- Core combat mechanics still work brilliantly
- New weapons, armour and loot
- Higher level cap and faster levelling
- Some creepy new locations to explore
- Not enough genuine new content
- Priced too high for what it is
- Review Price: £19.99
Update: Destiny 2 has since launched
Available on Xbox One, PS4 (reviewed), PS3, Xbox 360
The problem with the first Destiny expanion, The Dark Below, is one of expectations. When we hear the words ‘expansion’ we think new monsters, new levels – potentially a whole new campaign. When we see the price tag of £20, we practically have a right to expect that. Instead, The Dark Below throws in three new story missions, two Strikes and one new Raid, with only the thinnest of storylines to knot the whole thing together.
The new story missions don’t even take us to new locales, merely extending the ones we know already. The first reused sections of Old Russia with an additional, creepy Hive cavern bunged in at the end. The second does take us somewhere different – inside the Warmind Rasputin’s secret bunker – but this isn’t exactly an extensive area, and merely sets you up for a classic waves of enemy confrontation. The third is the best, taking us on a trip into the moon and a series of new, and still rather eerie Hive chambers, but it’s still more the kind of thing you’d expect from a £10 DLC pack, not what you might call an expansion.
Two of the three missions feature boss battles. The first seems near-impossible if you’re only just at the minimum level, until you work out that he has a fatal flaw in his AI, and can be peppered mercilessly with bullets from a safe distance. The second is better but still oddly anti-climactic. For all its many strengths, Destiny still struggles to deliver high moments of drama when it needs them most.
The way the missions are linked is also strangely low-key, with a time and battle-ravaged Guardian arriving at the tower to enlist your help in the battle against arch-meanie Crota (of sword and temple fame). You get chunks of voiceover here and there, plus new bounties and rewards, but it’s not what you might call a compelling new episode in the Destiny timeline. Where we could have done with a tale that bought the fight against darkness into focus, we just have another series of missions that feels a little like a sideplot.
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The missions are fun to play; Destiny’s core shooting and looting mechanics are so polished that that’s almost inevitable. Focusing on the Hive is a smart idea – they’re arguably the strongest villains in the game – and the enhanced enemies put up a decent fight, even if they leave you wishing that The Dark Below had bothered to add some proper new ones. All the same, it’s hard to imagine anyone not coming away feeling just an tiny little bit dissatisfied.
And the Strikes? Well, the PS4 exclusive effort is a return to the black garden and involves blasting your way through almost endless swarms of Vex before another bullet-sponge boss appears. The main Strike helps cap off the Dark Below storyline, but you’ll have to grind for hours collecting bounties before you reach it, and while it throws in another new area, there’s still little here that you haven’t seen before.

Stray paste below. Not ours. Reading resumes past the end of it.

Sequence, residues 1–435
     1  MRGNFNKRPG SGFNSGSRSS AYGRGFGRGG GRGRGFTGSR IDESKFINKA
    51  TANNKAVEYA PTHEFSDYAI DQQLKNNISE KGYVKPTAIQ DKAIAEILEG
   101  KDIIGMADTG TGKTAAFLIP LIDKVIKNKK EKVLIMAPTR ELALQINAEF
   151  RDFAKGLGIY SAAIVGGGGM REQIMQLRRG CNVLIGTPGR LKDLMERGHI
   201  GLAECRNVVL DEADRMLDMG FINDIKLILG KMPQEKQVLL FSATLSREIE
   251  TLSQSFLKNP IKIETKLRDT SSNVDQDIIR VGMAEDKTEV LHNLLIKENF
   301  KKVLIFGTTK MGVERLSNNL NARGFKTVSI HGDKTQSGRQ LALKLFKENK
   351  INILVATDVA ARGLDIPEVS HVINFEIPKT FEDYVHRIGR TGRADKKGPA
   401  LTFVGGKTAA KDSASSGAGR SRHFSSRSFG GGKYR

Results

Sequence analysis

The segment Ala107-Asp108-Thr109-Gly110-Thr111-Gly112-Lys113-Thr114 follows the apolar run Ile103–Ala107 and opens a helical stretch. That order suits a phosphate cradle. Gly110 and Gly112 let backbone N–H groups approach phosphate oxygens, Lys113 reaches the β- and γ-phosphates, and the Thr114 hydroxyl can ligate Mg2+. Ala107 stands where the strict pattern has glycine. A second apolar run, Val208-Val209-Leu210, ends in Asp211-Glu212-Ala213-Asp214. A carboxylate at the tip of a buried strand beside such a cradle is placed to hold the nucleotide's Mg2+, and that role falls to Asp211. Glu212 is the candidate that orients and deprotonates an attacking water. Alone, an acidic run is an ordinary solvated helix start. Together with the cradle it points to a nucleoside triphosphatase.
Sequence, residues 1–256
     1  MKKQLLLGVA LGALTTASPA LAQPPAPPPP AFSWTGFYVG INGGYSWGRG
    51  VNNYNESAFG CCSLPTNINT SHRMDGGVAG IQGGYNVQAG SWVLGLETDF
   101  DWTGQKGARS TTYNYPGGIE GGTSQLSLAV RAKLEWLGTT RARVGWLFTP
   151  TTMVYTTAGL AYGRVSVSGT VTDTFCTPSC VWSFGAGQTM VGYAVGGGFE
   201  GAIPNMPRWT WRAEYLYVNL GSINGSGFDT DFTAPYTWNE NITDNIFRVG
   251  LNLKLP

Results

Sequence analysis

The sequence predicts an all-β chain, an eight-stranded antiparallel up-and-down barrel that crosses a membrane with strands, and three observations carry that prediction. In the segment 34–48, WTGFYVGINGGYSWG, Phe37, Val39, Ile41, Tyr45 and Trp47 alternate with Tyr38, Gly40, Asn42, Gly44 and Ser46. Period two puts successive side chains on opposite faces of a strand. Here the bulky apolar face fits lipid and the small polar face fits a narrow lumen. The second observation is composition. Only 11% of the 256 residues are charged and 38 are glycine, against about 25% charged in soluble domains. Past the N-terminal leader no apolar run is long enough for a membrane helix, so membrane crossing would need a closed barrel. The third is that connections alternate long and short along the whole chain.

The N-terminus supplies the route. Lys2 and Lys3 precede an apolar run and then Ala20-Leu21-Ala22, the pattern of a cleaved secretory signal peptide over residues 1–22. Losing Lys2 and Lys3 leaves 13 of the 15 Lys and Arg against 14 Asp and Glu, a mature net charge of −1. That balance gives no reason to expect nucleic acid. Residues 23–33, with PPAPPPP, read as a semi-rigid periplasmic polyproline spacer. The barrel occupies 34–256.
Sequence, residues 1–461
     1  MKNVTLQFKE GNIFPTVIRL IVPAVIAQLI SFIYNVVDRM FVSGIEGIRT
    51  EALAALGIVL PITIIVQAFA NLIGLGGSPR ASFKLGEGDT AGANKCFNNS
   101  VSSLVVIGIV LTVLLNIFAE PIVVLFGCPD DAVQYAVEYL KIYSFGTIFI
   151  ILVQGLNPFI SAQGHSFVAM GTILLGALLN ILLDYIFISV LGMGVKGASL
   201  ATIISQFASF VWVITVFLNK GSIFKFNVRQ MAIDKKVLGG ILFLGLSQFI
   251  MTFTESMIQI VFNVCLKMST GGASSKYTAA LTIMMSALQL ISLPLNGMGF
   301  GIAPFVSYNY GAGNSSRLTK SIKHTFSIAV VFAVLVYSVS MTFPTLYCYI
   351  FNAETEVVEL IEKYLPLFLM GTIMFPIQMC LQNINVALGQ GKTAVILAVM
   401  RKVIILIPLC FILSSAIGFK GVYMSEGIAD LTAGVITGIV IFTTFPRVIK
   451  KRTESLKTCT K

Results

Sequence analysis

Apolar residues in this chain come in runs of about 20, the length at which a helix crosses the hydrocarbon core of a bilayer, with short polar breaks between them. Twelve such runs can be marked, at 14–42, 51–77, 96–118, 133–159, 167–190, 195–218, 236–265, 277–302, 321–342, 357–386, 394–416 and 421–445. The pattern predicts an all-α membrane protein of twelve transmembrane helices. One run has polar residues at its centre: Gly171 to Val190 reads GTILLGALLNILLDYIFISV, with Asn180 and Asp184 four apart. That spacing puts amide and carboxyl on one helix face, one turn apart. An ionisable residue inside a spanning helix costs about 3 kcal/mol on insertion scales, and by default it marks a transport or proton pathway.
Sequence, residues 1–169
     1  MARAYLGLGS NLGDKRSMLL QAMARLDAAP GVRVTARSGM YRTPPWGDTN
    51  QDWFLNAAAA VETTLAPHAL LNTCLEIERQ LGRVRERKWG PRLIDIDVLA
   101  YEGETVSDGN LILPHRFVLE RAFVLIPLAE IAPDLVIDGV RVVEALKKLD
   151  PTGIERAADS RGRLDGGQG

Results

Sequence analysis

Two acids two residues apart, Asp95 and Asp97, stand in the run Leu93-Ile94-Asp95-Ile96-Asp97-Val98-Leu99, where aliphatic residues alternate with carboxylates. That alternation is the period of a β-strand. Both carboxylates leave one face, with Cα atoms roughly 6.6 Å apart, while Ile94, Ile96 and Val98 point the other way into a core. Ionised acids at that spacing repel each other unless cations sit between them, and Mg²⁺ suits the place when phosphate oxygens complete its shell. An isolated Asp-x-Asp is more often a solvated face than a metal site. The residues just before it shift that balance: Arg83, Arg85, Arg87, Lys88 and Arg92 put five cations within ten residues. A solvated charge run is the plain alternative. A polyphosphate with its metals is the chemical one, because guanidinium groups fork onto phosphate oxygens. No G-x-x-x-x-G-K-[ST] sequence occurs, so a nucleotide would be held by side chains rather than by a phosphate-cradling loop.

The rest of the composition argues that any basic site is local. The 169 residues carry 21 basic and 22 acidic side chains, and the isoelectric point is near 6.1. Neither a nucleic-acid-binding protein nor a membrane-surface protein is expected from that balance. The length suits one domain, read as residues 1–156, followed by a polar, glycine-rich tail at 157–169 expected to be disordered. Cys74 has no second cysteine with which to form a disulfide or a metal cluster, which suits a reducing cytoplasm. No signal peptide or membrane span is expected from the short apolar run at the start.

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Crucible fans get a couple of new maps, giving you the chance to skirmish in an abandoned Hive ritual site and a spot in the Black Garden, plus a new Earth arena with more space for vehicles to have an impact. These feature heavily in the two new Rumble and Clash playlists, though if – like me – you spend most of your Crucible time wondering who shot you, this might not be the best reason to invest.
This leaves you with the Raid. We’re still working our way up the levels to reach it, and waiting for our Destiny chums to do the same, but all we can say is that it had better be as least as good as Vault of Glass, if not better. If it is, we’ll add some points to the score. If it’s not, we’ll add some sulky, moany comments roughly here within the next few days.
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We love Destiny, but we’re in two minds about The Dark Below. On the one hand, the new level cap (up to 32), the new armour, weapons and equipment and the addition of new strikes to the playlists makes it virtually essential for fans, though those of you who’ve spent the last two months grinding for decent gear might be a little annoyed to see the expansion dishing it out like penny sweets from a tuck shop clearance sale.
We’re also happy to keep coming back to the game, tackling the same missions solo or with different people and harvesting the loot.
Yet this isn’t what we call a proper expansion: it gives you more of the same good stuff, but not anything that new. Most of all, where it could have fixed some of Destiny’s problems – fumbled storytelling, repetition, grinding – it’s only made them seem more obvious.
An expansion that could have confirmed Destiny’s greatness only leaves you feeling underwhelmed. If you want more Destiny, here’s more Destiny, and it’s still a lot of fun. There’s more loot to collect, more weapons and armour to try out, and a handful of new strikes and activities to try with your Destiny friends. When we’ve played the new Raid there’s a chance that it might all seem incredibly worthwhile. For now, however, the main reason to buy The Dark Below is that it gives you more reason to keep plugging away and a handful of new activities, not because it adds anything that new or substantial to the game.
See also: Best PS4 games 2014
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